Some examples of how other local organisations have used the Air-Stream network:
Community Radio Stations (used as alternative or backup comms with broadcast studio).
Lutheran Community Care (resource sharing and secure inter-office comms).
SA Group Enterprises (resource sharing and secure inter-office comms, voice over IP).
Carrick Hill (public access to informational website).
Surf Life Saving SA (consultation and planning on resource sharing network).
Elizabeth Amateur Radio Club (remote control of transmission equipment).
Science Alive at Wayville Showgrounds (remote control of transmission equipment for amateur radio demonstration).

Examples of other key applications:
Free access to essential services for the disadvantaged (unemployed, welfare, etc).
Free access to local specific content such as libraries, community centres, council etc.
Specialised tourism information.

Your solution

A selection process will take place, through consultation with council and local businesses in order to determine the most appropriate placement of the proposed new network nodes.

Once this has been established and physical access to the required installation points have been approved, our Network Team would proceed with planning, procurement and installation of equipment.

This would follow our standard established project planning procedures. This involves a peer review process, costing of equipment and materials and full documentation. Engineering analysis and drawings will also be provided where necessary.

Only qualified personnel will be allowed to access the physical locations identified for installation.

Our organisation currently holds public liability insurance cover $20m.

Based on the many previous installations of this type that have been self-funded, we can confidently estimate the all inclusive cost of each installation (new node) at approximately $2000.

Power supply to operate the equipment at each location is negligible and would be assumed by the entity hosting the site. Air-Stream has a standard Host Site Agreement which would be utilised to establish this understanding with the owner/tenant.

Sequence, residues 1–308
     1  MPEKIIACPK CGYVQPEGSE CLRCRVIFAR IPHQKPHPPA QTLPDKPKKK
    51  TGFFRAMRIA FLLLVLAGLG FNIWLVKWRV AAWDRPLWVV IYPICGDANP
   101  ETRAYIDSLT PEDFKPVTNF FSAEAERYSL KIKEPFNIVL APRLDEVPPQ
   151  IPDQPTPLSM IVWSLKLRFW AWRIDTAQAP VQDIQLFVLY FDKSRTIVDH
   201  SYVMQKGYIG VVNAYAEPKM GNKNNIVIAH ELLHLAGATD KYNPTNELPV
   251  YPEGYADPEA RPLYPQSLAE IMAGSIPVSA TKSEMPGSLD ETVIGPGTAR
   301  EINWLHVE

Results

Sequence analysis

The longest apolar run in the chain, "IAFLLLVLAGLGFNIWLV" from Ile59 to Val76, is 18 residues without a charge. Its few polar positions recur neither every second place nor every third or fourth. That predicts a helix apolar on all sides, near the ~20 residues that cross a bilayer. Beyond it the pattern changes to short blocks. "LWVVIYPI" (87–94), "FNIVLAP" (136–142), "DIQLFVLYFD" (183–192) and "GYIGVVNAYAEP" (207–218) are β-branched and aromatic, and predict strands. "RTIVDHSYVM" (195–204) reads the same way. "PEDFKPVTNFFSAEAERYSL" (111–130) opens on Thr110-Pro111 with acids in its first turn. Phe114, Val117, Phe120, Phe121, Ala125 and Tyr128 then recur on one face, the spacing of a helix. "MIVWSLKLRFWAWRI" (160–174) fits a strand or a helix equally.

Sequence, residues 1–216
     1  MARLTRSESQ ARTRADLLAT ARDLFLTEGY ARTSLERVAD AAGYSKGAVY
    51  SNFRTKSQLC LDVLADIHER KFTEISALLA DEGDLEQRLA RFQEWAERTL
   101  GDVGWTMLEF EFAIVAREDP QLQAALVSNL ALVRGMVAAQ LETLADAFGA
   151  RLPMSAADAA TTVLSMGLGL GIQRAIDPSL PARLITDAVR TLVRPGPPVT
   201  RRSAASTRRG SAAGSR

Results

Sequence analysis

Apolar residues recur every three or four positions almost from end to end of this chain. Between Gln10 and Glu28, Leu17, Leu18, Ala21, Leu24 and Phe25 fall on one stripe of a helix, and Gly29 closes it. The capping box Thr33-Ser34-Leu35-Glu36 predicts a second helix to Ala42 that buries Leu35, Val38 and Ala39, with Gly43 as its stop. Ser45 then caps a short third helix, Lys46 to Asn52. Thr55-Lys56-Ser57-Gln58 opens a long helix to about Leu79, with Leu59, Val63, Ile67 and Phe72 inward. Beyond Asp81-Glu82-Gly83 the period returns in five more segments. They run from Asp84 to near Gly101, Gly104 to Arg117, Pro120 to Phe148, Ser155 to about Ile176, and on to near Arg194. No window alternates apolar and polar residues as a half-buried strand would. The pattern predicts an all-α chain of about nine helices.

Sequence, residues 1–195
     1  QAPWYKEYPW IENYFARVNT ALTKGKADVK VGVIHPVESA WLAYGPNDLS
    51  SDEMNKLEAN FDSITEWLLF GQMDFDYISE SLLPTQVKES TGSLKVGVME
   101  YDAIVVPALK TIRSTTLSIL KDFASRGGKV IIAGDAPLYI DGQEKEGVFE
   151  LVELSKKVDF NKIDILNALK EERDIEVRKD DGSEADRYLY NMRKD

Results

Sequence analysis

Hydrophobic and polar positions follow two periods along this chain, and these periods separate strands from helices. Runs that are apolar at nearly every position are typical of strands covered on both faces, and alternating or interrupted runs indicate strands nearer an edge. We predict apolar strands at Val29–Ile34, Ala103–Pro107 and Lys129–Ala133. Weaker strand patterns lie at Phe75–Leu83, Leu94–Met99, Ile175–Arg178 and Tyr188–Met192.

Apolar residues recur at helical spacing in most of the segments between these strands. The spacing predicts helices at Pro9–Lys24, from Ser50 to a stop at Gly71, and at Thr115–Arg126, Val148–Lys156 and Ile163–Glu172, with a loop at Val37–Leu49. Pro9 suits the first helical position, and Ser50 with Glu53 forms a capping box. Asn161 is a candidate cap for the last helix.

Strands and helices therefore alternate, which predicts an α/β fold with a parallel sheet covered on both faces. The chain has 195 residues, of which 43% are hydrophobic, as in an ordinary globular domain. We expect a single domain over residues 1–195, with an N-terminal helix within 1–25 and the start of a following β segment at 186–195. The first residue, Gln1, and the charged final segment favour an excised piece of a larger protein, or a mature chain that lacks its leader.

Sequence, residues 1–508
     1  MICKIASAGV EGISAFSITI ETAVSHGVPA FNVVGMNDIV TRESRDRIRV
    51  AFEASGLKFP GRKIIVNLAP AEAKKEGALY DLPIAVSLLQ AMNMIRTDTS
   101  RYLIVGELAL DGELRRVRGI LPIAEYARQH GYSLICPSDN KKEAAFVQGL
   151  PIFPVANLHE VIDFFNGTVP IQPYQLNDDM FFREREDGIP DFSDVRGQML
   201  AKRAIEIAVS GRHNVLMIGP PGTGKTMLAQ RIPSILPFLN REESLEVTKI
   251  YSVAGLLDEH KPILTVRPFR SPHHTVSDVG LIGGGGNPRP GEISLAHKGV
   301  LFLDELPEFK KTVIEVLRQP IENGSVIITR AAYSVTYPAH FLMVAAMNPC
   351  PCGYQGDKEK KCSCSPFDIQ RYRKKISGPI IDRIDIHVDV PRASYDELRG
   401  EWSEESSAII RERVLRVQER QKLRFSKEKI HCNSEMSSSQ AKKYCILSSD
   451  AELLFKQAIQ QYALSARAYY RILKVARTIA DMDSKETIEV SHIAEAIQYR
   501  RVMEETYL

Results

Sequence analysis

All other costs, manpower, tools, etc are provided by volunteer members.

Ongoing maintenance will be undertaken by the Air-Stream Network Team as part of their commitment to maintaining the current network. This would include the replacement of damaged equipment and any other upkeep.

Estimated funding required

$15,000-$20,000

Comments

Comments closed

Nathan Cooke

22 May 2015

Thankyou all for your vote's, if anyone would like to know more about Air-Stream; feel free to email me on firefox@air-stream.org for any questions you might have or would like to become a member.

Sam Hodge

17 May 2015

Sounds good to me

Kieran O'Rourke

17 May 2015

There is a great potential to offer internet via this to Black spots if the govt injected more money into it.

Steven Woods

17 May 2015

With all the surveillance and data retention stuff going on I hope I can get this in my area so I am not monitored just to communicate with my friends and family.

Dan Smith > Steven Woods

17 May 2015

Wow didnt think of that

Dan Smith

17 May 2015

Now this is something different that is looking towards the future.

Shawn Zeppel

06 May 2015

An amazing network with an awesome purpose. More councils should fund this sort of innovation!

Dan Smith > Shawn Zeppel

17 May 2015

This is an excelent idea.